I’m just getting around to perusing Roddy Doyle’s volume of short stories, the Deportees, published in the U.S. early this year. The stories are inspired by the experiences of Nigerian immigrants to Ireland, and Doyle originally wrote all for a Dublin newspaper founded by two Nigerian journalists living in the city. Of these eight short stories, my favorite open is “Black Hoodie,” which opens with a riveting passage I can personally relate to:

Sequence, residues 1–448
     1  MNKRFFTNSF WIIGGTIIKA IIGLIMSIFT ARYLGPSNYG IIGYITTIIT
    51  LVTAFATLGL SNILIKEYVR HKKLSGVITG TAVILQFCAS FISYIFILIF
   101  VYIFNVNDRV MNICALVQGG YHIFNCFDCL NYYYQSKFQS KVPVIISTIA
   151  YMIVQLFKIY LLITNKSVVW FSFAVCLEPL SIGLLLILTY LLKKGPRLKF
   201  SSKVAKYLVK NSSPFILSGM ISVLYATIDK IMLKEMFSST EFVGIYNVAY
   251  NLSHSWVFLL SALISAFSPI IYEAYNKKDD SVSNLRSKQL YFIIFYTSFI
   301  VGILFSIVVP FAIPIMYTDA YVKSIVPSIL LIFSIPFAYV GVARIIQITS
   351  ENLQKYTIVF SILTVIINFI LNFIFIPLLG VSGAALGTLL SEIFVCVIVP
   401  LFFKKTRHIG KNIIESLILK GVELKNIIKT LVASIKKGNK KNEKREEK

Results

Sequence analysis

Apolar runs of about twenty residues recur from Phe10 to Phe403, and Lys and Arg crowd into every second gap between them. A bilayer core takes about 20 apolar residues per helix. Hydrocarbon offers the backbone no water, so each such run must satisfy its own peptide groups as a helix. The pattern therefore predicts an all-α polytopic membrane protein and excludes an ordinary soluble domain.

“My girlfriend is Nigerian, kind of, and when we go through the shops, we’re followed all the way. We stop — the security guards stop. We go up the escalator — they’re three steps behind us, and there’s another one waiting at the top. We look at something, say a shoe, and they all look at us looking at the shoe.”
Doyle adds, in the opening passage, a telling line: “You’re never lonely [in Dublin} if you’re with a black girl …”
I must confess I am smitten by this passage because I once had a Nigerian girlfriend myself. She is now my wife. My own memoir of our marriage — Married To Africa — will be published by Scribner in January.